Economics & Investing For Preppers

Here are the latest items and commentary on current economics news, market trends, stocks, investing opportunities, and the precious metals markets. We also cover hedges, derivatives, and obscura. And it bears mention that most of these items are from the “tangibles heavy” contrarian perspective of JWR. (SurvivalBlog’s Founder and Senior Editor.) Today’s focus is on  investing in Rare Earths. (See the Tangibles section, near the end of this column.)

Precious Metals:

CPM Group:  Precious Metals Outlook for 2017

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Top Four Platinum Stocks for 2017


Thursday’s headline: Dow drops 200 points, led by Cisco. By the time of the closing bell:  The DJIA was down 1.2%, the S&P 500 dropped 1.5%, and the NASDAQ Composite  Index fell 1.9%.  Meanwhile, across the Atlantic, the Euro STOXX 50 declined 0.3%.  Oh, and gold was up nearly 1%, to $1,288.50.

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DOT COM Bubble Do-Over?


Economy and Finance:

Ted Kavadas at Seeking Alpha: The Probability Of A U.S. Recession – August 2017

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Japanese economy posts longest expansion in more than a decade


Troubling Trends:

Tyler Durden: 2016 Was Just Revised Down To The Worst Year For US Productivity Since 1982

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Stock Market Warning Siren is Blaring


Tangibles Investing (Rare Earths):

One seldom-mentioned tangible investment is rare earths. These are also often called rare earth elements (REEs) or rare earth metals. (Although a few of them are not metallic in the common sense of the word.) And most of these are not actually “rare” in the Earth’s crust. But they are indeed only rarely found in sufficiently high concentrations to justify mining and ore separation.  Much of the production is in the form of Rare Earth Oxides (REOs.) The rare earths include:

  • Lanthanum (often categorized as a transition metal)
  • Cerium
  • Praseodymium
  • Neodymium
  • Promethium (the most scarce of the REEs, and the only one that is radioactive)
  • Samarium
  • Europium
  • Gadolinium
  • Terbium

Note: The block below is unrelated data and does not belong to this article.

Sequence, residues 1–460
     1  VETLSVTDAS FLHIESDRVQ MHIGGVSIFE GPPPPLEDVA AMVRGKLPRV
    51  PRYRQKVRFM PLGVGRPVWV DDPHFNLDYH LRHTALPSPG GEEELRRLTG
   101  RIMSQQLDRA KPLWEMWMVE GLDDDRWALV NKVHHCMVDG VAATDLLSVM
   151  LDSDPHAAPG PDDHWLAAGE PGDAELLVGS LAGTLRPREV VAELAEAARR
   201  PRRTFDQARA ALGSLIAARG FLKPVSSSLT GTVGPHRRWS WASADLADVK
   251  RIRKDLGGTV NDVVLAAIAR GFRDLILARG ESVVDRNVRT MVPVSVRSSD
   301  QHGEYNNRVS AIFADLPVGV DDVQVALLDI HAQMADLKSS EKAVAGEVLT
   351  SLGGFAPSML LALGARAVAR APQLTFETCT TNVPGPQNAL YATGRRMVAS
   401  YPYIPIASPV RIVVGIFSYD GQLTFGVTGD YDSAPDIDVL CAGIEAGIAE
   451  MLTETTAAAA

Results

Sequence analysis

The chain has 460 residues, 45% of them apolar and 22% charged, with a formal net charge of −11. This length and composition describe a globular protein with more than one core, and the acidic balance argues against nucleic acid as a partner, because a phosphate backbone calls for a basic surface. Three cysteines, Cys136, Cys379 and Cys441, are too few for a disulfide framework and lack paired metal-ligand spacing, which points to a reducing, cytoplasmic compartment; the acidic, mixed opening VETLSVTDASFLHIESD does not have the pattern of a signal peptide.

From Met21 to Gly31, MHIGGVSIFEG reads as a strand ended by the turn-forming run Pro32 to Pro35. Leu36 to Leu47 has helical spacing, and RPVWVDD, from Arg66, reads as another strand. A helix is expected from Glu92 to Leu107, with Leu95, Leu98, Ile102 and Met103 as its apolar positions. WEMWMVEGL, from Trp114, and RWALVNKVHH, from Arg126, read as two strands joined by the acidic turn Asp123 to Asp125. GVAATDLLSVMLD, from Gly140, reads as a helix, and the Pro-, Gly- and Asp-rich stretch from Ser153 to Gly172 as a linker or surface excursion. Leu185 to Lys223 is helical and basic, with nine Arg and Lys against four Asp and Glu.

• Dysprosium
  • Holmium
  • Erbium
  • Thulium
  • Ytterbium
  • Lutetium
  • Scandium
  • Yttrium

Most of the rare earths in the preceding list are used extensively in the aerospace and defense industries.

Another Boom Ahead?

The prices of rare earths  tend to swing dramatically. Therefore, investing in them is not for the faint of heart.  China is the main producer of rare earths ores–around 95% in recent year. There are just a few REE and REO producers in North America.  The biggest of them is Neo Materials (aka Molycorp.) It has been reported that China now retains most of their mine production of rare earths for domestic use and they are nationalizing their mines. So with a near monopoly, the prices of many REEs and REOs are expected to rise up out of their current doldrums, in the 2020s, or sooner.

As an aside, in the precious metals world, Neodymium magnets are often used to spot fake gold and silver bars.

Rare earths saw a brief well-publicized boom back around 2010 and 2011. But since then, individual investor interest has waned.  Institutional investors and some commodities wonks are still fairly heavily involved in speculative investing in REEs and REOs.

I can foresee waves of interest in rare earths over the next few decades, in tandem with global conflicts.  The most likely scenario for price volatility would be if China got involved in a regional conflict. (I’m predicting somewhere in Africa.)  China would then be sanctioned by the international community.  That could tremendously disrupt the world trade in rare earths. There could be some huge price spikes.

To Have and To Hold?